Compliance Scorecard: Banking & Financial Regulations

The financial industry is one of the United States' most regulated sectors. Risk issues in this industry can easily impact the livelihoods of thousands if not millions of people, as corporate ethics scandals and our current economic recession have clearly shown. The federal government has set forth number of well-recognized rules intending to better secure this high-profile sector.

Bank Protection Act of 1968
www.ffiec.gov/ffiecinfobase/resources/management/con-12_usc_1882_bank_protection_act.pdf

The Bank Protection Act placed minimum security guidelines on banks "to discourage robberies, burglaries and larcenies and to assist in the identification and apprehension of persons who commit such acts." It designated four Federal supervisory agencies - the Comptroller of the Currency; the Board of Governors of the Federal Reserve System; the Federal Deposit Insurance Corporation; and the Director of the Office of Thrift Supervision - to promulgate minimum security standards for the banks or S&Ls they regulate.

Financial Modernization Act of 1999
http://frwebgate.access.gpo.gov/cgi-bin/getdoc.cgi?dbname=106_cong_bills&docid=f:s900enr.txt.pdf

Also called the Gramm-Leach-Bliley Act or GLB Act, this act includes provisions to protect consumers' personal financial information held by financial institutions. The Financial Privacy Rule governs the collection and disclosure of customers' personal financial information; the Safeguards Rule requires all financial institutions to design, implement and maintain safeguards to protect customer information; and the Pretexting Provisions protect consumers from companies that obtain their personal financial information under false pretenses. GLB gives authority to eight federal agencies and the states to administer and enforce the Financial Privacy Rule and the Safeguards Rule, which apply not only to banks, securities firms, and insurance companies, but also companies providing other types of financial products and services.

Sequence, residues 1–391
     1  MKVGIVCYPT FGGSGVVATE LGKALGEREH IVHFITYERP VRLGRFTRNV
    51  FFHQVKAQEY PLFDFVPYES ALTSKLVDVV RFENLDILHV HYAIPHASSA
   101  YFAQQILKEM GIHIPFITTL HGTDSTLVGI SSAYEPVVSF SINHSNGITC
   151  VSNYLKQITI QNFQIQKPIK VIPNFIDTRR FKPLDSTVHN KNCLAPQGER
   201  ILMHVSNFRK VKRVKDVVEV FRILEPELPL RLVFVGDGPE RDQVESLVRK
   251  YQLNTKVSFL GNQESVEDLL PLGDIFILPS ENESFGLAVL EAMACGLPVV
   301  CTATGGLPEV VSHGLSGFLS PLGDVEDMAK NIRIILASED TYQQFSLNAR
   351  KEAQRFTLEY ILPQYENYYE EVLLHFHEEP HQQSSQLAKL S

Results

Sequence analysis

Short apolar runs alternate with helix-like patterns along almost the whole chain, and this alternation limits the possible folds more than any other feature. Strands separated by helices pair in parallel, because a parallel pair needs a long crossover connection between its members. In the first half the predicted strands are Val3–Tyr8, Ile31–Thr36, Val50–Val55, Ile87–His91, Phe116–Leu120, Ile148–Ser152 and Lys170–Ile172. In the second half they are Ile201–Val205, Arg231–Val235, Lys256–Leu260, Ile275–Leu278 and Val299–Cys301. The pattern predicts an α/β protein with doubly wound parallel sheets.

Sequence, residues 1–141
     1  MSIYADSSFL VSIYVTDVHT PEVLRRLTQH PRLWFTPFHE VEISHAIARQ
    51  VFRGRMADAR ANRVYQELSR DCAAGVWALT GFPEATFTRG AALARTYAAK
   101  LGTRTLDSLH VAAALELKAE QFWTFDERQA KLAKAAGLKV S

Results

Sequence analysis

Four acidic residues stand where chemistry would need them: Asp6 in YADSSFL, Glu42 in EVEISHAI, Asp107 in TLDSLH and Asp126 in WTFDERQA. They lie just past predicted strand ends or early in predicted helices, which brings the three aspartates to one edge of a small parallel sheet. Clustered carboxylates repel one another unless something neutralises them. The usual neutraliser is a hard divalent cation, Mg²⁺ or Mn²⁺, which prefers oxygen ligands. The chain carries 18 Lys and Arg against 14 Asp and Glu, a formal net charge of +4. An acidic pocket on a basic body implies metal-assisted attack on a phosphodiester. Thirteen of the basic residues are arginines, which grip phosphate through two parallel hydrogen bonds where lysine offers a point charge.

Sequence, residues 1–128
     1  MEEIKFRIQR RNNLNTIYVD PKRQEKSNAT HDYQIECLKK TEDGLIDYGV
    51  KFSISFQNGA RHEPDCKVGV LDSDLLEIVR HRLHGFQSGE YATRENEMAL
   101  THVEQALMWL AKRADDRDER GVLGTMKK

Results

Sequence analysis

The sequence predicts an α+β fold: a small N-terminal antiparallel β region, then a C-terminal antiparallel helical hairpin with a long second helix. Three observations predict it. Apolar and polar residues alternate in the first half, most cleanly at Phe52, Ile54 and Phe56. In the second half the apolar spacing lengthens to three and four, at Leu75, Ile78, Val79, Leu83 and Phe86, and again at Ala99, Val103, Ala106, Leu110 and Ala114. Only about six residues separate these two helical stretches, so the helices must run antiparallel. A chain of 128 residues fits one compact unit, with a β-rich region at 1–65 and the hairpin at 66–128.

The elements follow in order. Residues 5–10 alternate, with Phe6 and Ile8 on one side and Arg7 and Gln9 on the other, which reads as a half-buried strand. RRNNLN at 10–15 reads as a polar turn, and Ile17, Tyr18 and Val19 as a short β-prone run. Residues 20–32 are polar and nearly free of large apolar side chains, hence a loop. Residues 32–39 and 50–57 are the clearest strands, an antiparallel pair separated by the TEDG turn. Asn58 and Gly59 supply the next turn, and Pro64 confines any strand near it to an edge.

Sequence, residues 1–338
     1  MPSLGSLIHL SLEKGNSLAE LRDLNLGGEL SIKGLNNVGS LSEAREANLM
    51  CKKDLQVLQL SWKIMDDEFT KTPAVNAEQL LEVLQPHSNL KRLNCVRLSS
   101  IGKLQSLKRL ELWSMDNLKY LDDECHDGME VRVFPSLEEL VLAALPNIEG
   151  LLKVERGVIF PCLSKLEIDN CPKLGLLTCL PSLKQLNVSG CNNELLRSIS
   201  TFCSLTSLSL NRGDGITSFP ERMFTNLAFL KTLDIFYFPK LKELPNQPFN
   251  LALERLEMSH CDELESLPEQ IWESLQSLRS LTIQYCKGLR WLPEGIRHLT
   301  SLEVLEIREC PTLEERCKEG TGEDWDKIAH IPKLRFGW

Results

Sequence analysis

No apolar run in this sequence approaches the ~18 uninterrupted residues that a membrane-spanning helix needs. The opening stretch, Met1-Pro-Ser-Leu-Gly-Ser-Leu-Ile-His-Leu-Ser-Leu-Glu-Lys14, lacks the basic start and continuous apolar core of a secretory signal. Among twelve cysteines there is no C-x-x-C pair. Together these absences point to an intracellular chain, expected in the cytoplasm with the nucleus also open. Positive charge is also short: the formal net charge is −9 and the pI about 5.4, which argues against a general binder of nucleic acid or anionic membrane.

The Currency and Foreign Transactions Reporting Act
http://www.fincen.gov/statutes_regs/bsa/

Otherwise known as the Bank Secrecy Act (BSA) or Anti-Money Laundering Act, this law passed in 1970 and amended by the Patriot Act requires financial institutions to assist government agencies in detecting and preventing money laundering. It requires financial institutions to keep records of cash purchases of negotiable instruments, to file reports of cash transactions exceeding $10,000 (daily aggregate amount), and to report suspicious activity that might signify money laundering, tax evasion or other criminal activities.

Regulation H
http://www.federalreserve.gov/bankinforeg/reglisting.htm

Regulation H implements those portions of the Federal Reserve Act that affect state member banks. The Federal Reserve amended Regulation H as part of a broad effort to "risk-focus" the supervisory process and to reduce the regulatory burden on well-run banks. Among other things, Regulation H sets out requirements concerning bank security procedures, suspicious-activity reports, and compliance with the Bank Secrecy Act; and establishes rules governing banks' ownership or control of financial subsidiaries.